1. The Indian Kama Sutra of Teas Tea
Take one sip of this delicious, aromatic, heavenly toe-dipping tea and you’re going to have a hard time drinking it any other way.
Tea in India is called Chai and is an integral part of the day as well as a significantly important way of welcoming guests. If you are not served Chai in an Indian household, they do not like you.
The Indian tea making ritual requires a little time, but is well worth the effort and plus the beautiful spices give your home a wonderful scent. Chai is spiced with cardamom, cloves, cinnamon and star aniseed. In order to make Chai you will need half a cup of water and half a cup of milk per person.
You pour your water into a small steel pot, add the spices and as much sugar as desired, let the spices boil for at least 7 minutes. Add one teabag for every two cups (you can add 1 teabag for 1 cup but just remove it quickly), and boil for 30 seconds. Next, add your milk and bring the whole mixture to a frothy boil, remove from heat and then place back on heat and bring it up to a boil again, remove from heat, remove tea bag and then back onto the heat for a final boil.
Strain the spices and teabag and serve this cup full of deliciousness to guests, who by now will be craning their necks to see what took so long. Chai should always, always be served with some sweets and snacks or you will anger the chai gods.
On one very blessed day some time ago, a leaf dropped into a cup of hot water. In front of the cup sat an interesting fellow who put his lip on the rim and took a sip, the rest is tea history.
Sweet or salty, hot or cold, milky or straight up, the tremendous tea is one of those things that is enjoyed the world over. And yes, there are folks out there who like their tea on the savory side, and that is also what makes tea so interesting.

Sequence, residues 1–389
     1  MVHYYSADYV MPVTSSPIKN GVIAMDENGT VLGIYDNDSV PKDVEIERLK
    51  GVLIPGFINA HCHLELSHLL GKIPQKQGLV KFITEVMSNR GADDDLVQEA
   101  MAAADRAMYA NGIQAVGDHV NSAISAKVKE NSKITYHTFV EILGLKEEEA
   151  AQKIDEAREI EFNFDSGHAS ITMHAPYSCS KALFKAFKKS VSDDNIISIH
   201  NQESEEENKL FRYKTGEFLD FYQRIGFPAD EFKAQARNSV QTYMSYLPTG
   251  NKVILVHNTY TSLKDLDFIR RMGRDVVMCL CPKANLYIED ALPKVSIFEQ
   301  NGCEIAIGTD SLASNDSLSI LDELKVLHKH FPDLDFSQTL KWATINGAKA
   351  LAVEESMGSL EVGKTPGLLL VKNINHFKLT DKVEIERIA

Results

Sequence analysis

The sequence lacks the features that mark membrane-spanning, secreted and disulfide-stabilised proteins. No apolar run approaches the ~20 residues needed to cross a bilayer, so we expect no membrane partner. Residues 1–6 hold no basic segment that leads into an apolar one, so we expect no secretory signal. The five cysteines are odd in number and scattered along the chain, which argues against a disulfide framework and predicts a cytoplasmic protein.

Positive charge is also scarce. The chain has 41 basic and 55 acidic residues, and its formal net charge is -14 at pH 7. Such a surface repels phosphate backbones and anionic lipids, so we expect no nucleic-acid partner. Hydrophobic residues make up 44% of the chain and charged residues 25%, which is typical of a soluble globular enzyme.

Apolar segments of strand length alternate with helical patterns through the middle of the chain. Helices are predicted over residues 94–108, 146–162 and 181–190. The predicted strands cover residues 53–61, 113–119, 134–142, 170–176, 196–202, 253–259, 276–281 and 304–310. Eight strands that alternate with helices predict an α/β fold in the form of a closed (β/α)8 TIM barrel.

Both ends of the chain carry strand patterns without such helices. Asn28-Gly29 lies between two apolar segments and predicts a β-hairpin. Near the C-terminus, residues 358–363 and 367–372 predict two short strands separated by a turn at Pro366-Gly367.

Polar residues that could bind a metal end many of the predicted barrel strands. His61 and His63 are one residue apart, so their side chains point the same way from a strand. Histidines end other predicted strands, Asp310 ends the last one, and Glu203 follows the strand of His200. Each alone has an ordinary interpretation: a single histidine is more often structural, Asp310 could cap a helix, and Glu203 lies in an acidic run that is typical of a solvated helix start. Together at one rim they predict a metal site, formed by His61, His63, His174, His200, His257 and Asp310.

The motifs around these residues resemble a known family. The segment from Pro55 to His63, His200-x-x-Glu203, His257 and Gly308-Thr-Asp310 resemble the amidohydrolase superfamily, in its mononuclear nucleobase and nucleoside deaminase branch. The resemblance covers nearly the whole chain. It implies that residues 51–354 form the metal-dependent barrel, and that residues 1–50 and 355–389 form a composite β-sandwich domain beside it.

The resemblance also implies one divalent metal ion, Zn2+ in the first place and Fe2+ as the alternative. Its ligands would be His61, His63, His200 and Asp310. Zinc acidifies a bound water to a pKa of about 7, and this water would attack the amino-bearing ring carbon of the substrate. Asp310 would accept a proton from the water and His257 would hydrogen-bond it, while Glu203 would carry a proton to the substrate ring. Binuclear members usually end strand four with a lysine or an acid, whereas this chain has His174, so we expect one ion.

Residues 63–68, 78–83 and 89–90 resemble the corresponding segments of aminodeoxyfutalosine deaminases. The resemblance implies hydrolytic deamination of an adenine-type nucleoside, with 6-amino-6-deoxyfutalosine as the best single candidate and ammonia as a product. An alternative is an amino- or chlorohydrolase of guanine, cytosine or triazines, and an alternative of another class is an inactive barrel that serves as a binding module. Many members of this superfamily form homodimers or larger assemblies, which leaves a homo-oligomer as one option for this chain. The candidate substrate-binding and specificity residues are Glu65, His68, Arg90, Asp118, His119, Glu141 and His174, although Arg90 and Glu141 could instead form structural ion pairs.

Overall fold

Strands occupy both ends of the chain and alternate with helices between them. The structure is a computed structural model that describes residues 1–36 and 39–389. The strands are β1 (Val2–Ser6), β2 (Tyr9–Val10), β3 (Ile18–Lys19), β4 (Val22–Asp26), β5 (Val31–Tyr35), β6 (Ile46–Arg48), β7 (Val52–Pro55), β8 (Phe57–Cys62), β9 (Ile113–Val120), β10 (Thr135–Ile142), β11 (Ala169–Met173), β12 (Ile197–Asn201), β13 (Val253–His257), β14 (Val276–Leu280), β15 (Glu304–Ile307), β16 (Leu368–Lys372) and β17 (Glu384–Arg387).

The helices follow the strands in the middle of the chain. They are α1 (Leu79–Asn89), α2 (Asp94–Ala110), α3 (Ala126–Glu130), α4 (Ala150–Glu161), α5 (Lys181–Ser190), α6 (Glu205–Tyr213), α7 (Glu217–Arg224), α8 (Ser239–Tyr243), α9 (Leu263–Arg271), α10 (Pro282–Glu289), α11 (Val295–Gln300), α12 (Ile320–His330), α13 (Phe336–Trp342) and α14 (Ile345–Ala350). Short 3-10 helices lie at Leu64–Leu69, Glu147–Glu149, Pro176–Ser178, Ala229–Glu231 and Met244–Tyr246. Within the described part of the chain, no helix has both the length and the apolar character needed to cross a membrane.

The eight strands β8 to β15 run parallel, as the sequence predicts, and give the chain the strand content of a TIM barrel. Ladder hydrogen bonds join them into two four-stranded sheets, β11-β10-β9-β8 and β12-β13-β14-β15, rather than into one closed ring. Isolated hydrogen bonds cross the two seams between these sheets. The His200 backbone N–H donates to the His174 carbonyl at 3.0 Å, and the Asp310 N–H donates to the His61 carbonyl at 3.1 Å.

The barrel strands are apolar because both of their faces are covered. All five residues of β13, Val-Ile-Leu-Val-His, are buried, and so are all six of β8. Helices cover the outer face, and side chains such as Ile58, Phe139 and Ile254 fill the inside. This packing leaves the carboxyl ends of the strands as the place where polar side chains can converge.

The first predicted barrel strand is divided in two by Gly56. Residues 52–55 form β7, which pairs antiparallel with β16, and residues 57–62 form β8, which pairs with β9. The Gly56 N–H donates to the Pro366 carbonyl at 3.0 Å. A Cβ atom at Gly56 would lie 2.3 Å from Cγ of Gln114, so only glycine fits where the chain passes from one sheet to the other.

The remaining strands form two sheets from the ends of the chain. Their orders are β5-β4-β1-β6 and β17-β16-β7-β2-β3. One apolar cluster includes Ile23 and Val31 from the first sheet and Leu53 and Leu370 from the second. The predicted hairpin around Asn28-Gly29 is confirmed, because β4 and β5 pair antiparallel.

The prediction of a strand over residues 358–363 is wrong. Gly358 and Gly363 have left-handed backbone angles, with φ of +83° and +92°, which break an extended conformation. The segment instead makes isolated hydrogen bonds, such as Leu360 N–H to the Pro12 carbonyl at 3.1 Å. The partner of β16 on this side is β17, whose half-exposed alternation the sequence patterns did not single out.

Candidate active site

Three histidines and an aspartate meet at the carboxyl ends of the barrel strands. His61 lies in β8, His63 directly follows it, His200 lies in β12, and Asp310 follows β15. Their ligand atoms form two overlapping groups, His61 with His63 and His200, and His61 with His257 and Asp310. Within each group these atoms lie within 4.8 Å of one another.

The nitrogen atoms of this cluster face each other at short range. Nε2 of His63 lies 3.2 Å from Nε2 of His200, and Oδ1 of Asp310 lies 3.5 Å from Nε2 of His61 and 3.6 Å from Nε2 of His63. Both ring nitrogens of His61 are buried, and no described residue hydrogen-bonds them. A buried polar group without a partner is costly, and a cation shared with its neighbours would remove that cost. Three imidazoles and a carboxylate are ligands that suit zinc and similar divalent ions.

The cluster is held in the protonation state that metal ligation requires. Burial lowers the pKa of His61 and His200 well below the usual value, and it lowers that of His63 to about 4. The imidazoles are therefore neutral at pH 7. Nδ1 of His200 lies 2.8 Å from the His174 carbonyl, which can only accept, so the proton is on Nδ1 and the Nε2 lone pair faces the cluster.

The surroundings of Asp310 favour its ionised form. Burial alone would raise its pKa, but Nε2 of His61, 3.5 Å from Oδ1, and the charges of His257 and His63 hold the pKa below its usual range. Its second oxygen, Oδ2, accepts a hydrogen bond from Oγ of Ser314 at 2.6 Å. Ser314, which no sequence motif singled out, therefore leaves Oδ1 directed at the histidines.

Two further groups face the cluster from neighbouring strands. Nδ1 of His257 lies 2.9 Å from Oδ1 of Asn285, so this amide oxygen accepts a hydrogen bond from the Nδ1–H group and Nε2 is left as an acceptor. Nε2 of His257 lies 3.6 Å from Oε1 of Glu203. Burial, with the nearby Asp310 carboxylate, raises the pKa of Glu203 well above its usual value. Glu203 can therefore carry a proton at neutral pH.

Tea in its very essence is just tea leaves brewed in water and yet we interesting human beings have found all sorts of interesting ways to drink it. Not only have we combined tea with various other flavors, but in some places there is art and ritual involved in the making of and drinking of said simple tea.
Sooo… if there are in fact so many ways to drink tea and so many rituals to be had then it only makes sense to spice up your tea life a little. Stop drinking it the same old way and try these 4 wonderful traditions from around the world.
2. The Tibetan Butter Me Up Tea
Now over to a ritual found high in the mountains of Tibet. This may throw some people off a little, but give it a try, it’ll give you a chance to visit Tibet without actually being in Tibet.
The Tibetans enjoying brewing their tea and then mixing it with Yak’s butter. Yes, butter and tea, who would’ve thought. And the surprises don’t end there, instead of a sprinkling of sugar they add a sprinkling of salt.
Now the key here is that this provides incredible energy and is great for those cold Himalayan mornings. You can drink this tea first thing in the morning and guaranteed you will feel super energized right through until lunch, without craving a single snack.
Plus the healthy fat in butter mixed with the caffeine provides an invigorating mental clarity as well. You can brew your traditional tea and then add in a tbsp. of butter with a sprinkling of salt.